The degree to which the new skills learned in training are used once back in the normal work environment, known as transfer of training, has long been an issue. With the prevalence of teams in the modern workplace, it has recently been recognized that team transfer of training may work differently than individual transfer of training. So how can organizations enhance the transfer process at the team level, thus potentially increasing their return on investment?
Several factors must be assessed before training even begins. The team’s perception of its own ability level to learn the skills being trained on should be high—otherwise, learning can be impeded. The team’s history and experience should also be examined. For instance, the trainer should find out what other training sessions have been like for the team and whether or not they were successful. Low expectations regarding the upcoming training should be adjusted if possible or factored into the training session.
There are additional factors that can be done during the actual training session. Before the training begins, the trainer should explicitly explain the roles of each member in the training session, as well as clarify expectations on what the training is meant to do. As with individual level of training, the level of realism of the training environment should be high. It’s also important in team training to allow intra-team feedback and self-correction mechanisms to occur—this helps increase the realism of the environment by letting team members interact with one another and helps them solve their own problems.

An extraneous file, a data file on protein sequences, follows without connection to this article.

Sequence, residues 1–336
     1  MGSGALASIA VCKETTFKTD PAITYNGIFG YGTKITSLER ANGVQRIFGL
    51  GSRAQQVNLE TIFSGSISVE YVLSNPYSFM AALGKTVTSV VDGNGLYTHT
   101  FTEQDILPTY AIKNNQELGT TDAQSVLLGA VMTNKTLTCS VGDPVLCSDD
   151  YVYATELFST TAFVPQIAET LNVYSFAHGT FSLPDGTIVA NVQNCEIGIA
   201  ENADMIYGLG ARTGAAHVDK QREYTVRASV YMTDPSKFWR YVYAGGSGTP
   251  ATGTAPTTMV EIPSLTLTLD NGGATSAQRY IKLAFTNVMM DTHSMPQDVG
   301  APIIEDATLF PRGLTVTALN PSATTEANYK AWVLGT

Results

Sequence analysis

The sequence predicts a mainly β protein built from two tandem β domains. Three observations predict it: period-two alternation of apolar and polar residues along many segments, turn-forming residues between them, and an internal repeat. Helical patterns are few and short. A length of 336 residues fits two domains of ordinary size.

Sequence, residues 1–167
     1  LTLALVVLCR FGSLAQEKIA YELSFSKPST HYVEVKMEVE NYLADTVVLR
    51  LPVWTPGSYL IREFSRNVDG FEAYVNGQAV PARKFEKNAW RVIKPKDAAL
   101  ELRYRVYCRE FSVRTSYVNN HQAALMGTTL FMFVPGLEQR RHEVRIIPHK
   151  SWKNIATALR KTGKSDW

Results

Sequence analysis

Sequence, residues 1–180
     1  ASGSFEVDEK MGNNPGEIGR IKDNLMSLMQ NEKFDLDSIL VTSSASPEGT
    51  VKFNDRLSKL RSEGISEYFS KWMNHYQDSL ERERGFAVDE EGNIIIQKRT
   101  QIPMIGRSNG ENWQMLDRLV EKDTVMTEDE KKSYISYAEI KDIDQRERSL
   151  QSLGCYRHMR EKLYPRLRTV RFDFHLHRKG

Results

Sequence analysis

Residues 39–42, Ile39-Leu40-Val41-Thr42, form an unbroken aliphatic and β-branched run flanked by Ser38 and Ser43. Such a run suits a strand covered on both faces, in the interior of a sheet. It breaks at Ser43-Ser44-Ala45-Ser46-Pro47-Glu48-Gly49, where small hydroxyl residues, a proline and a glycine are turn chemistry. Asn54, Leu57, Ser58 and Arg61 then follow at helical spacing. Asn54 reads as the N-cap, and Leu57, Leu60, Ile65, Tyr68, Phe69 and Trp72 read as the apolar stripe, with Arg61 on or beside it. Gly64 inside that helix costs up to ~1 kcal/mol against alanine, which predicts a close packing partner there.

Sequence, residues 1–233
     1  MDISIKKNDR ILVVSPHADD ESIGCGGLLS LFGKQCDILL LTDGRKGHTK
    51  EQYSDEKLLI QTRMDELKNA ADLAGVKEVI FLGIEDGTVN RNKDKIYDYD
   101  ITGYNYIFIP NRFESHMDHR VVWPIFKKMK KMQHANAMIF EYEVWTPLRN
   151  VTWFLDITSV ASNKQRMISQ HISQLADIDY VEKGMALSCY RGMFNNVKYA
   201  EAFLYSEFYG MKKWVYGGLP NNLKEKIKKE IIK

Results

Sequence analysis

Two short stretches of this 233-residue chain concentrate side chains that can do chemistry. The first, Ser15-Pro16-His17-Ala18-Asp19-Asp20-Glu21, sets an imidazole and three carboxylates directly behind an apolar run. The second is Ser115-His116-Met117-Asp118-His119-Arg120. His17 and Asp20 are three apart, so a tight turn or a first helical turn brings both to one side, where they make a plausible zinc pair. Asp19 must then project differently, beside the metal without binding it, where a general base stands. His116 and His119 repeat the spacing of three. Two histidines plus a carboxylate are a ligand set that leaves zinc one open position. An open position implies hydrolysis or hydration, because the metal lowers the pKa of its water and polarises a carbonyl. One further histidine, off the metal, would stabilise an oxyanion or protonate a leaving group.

Finally, several factors after the training occurs should be considered. Both the team leader and the team members should all be involved in “relapse prevention” by supporting the use of new skills from other members, and providing help when the new skills are not being used. In this regard, it can be helpful to include the whole team and its leader in the training session. It is also essential for HR practices to recognize the team as a team, rather than only individuals. Thus, performance management and reward systems should include a team performance component. Lastly, goals should be developed at the team level.
In order for organizations to get the most out of their team training, transfer of training is a crucial aspect to consider. Organizations can increase team transfer of training by creating a supportive environment before, during and after the training occurs.
Source: Improving learning transfer in organizations. (2003). E. Helton & T. Baldwin (Eds.). San Francisco: Jossey-Bass, pp. 219-220.
Bio: Kerry Goyette is the owner and president of Aperio Business Consulting, a human capital consulting firm based out of Columbia, Missouri. Before Aperio, Kerry was a private practicing therapist for over 14 years. She is a certified forensic interviewer with advanced training as an expert witness by the American Prosecutors Research Institute.